April 11, 2002
Married in Malaysia
Q: Can you please tell me where I can get a copy of a Malaysian marriage certificate? I have all the details of bride and groom, date and roughly where the wedding occurred. Any help that you can give me would be very much appreciated. -- Brian
A: Vital record registration legislation have been in place in Malaysia since the late 1800s. If the marriage in question took place after the mid-1800s, then you may be able to get a copy of the marriage record by contacting the National Registration Department at:
National Registration Department
Unlike birth and death records, marriages in Malaysia are treated almost on a case by case basis. This is because the records are contingent on the religion performing the marriage. This may explain why you have had trouble getting records to this point.
While the Family History Library does not have any vital records for Malaysia, the collection of records and resources available through the Library is impressive. If you haven't investigated records for the area where the marriage took place, you will want to do that as well.
Native American Research
Q: I just watched a program concerning the actor Alec Baldwin and a lady researching his family history. I am interested in contacting the lady who did the research. I thought the television show mentioned Genealogy.com in the show. Are you aware of the research? I am interested in quickly tracing my family history and confirming whether I am part American Indian to help me with my business. Can you explain my choices in hiring and getting this research done quickly? -- Kay
A: The Baldwin family tree is available on Genealogy.com along with a number of other celebrity family trees.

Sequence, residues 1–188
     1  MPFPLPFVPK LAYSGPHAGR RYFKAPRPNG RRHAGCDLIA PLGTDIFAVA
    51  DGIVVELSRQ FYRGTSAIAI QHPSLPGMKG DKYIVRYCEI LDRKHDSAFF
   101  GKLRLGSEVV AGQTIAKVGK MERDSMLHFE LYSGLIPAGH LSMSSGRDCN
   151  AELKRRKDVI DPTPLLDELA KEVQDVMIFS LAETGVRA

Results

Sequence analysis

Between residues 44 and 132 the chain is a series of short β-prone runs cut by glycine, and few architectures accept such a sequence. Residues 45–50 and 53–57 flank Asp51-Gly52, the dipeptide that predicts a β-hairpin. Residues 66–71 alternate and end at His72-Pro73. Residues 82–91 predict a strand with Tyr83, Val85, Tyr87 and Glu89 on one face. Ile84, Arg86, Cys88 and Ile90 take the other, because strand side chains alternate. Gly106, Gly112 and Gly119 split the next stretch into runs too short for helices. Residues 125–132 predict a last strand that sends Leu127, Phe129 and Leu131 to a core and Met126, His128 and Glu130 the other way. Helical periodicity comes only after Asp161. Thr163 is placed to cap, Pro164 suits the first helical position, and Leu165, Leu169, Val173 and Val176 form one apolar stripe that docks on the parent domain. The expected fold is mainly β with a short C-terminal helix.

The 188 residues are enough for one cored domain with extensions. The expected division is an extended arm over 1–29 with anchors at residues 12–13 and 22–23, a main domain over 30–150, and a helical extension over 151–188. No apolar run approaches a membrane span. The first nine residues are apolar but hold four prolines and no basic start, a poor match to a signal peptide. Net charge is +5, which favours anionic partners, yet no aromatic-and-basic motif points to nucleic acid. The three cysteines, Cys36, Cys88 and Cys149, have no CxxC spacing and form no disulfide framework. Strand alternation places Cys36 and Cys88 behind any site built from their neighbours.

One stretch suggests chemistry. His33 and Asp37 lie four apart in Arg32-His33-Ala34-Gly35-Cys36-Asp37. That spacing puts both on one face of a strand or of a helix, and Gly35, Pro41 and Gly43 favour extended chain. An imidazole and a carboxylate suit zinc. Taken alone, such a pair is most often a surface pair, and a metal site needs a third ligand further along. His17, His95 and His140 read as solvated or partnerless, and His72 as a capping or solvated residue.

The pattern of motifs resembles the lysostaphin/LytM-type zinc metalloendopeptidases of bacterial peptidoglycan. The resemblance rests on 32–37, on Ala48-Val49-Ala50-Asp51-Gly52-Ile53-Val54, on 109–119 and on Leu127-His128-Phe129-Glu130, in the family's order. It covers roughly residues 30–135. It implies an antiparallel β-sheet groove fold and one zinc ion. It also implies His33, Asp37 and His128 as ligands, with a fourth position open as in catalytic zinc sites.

As for your own personal research, first let me say that seldom is genealogy done quickly. While the Internet has afforded many researchers the ability to compile a great deal of information without leaving home, most researchers spend years compiling their family history. Depending on where your Native American connection is, this could be a factor to keep in mind.
Family traditions, those family stories we have been told since we were children, often contain a grain of truth. The trick is to discover the truth from the story. When hiring a professional, in addition to sharing the story, you also need to share details of your birth and any information you know about your parents. You can considerably speed up the process by supplying copies of records in your possession and then working closely with the professional to answer any questions you may have. The more the professional knows about your history the quicker the research can go.
I suggest that you hire a professional researcher through one of two groups. The Association of Professional Genealogists and the Board for Certification of Genealogists each offer a roster of individuals. Through these rosters you can select a professional qualified in the area of research you need. In your case, you will want to hire someone who has made Native American research their area of expertise.
I would also encourage you to read up on what is involved in hiring a professional genealogist, by reading the information on hiring a professional made available by the Association of Professional Genealogists.